Last week, the FCC, led by Chairman Ajit Pai, voted 3-2 along party lines to repeal net neutrality. Net neutrality, however, was popular across the aisle. A new net neutrality petition has just been started calling for Pai’s resignation over comment fraud.
Why the net neutrality petition is gunning for Ajit Pai
According to an analysis by the Pew Research Center, over 7.75 million anti-net neutrality comments were determined to be fake. Of those, 400,000 came from Russian email addresses. The petition alleges that the FCC’s comments were compromised by Russian trolls.
Pai’s previous position was a lobbyist for a number of cable and telecommunications companies like Verizon, Comcast and AT&T. Though he was originally talking about former FCC Chairman Tom Wheeler, who was also a telecom lobbyist, John Oliver’s metaphor rings true: “That is the equivalent of needing a babysitter, and hiring a dingo.”
Problems with the net neutrality petition
While we agree with the aim of the petition — Pai’s previous position at the very least implies a conflict of interest. Not to mention that pointing to false comments as support for his unpopular measure, the petition engages in a bit of hyperbole. It calls the fall of net neutrality “another rung on Trump’s ladder in his rise to dictatorship.”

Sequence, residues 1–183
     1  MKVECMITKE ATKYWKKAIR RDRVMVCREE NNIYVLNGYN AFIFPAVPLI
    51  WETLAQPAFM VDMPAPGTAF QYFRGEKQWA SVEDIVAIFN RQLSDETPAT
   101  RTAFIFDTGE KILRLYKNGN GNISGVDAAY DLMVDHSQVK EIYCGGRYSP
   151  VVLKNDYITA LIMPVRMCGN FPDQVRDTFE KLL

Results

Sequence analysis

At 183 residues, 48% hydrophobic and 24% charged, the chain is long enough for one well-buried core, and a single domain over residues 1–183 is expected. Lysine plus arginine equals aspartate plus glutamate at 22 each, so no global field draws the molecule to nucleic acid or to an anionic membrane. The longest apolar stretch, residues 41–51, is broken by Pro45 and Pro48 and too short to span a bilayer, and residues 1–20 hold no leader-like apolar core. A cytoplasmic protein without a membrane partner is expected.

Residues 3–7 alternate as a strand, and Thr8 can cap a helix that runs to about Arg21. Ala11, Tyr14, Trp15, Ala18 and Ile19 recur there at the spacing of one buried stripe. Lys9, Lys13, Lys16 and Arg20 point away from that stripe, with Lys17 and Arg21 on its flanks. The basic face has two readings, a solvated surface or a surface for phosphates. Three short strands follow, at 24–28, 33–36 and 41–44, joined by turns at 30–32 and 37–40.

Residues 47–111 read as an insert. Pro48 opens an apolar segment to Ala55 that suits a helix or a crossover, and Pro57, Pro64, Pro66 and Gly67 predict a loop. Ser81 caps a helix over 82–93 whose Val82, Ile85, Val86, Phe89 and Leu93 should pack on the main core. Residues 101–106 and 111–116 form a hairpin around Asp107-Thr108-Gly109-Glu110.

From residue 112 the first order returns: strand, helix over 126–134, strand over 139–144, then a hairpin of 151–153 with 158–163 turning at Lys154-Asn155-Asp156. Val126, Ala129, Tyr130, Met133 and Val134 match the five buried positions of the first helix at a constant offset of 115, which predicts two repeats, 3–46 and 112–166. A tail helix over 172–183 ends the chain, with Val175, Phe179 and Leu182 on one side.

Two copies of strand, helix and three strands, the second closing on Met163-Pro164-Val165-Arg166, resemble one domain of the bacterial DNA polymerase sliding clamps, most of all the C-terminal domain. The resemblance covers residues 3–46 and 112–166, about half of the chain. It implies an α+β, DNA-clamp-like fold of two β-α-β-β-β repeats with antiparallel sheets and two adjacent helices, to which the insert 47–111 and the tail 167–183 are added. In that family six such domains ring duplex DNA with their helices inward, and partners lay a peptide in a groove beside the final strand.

The petition also claims that the end of net neutrality is a violation of the First Amendment of the Constitution. Though the First Amendment bars the government from interfering with free speech, the net neutrality doesn’t grant the government this right. It does, however, grant independent companies the right to block information, which is allowed by the First Amendment. For example, while the First Amendment grants everyone the right to publish a newspaper, if you can’t afford the presses, ink and paper, that’s not a First Amendment issue.
While hyperbole and misstatements undermine the petition itself, we heartily endorse its ultimate goal. Net neutrality is — though a dry topic — drastically important. Its repeal could have drastic effects against technology startups, activists and, perhaps most importantly, pornography.
It’s worth noting the fight isn’t over. Congress can still overturn the FCC’s decision. Not just that, but 17 state attorneys general are also suing the government to stop the repeal.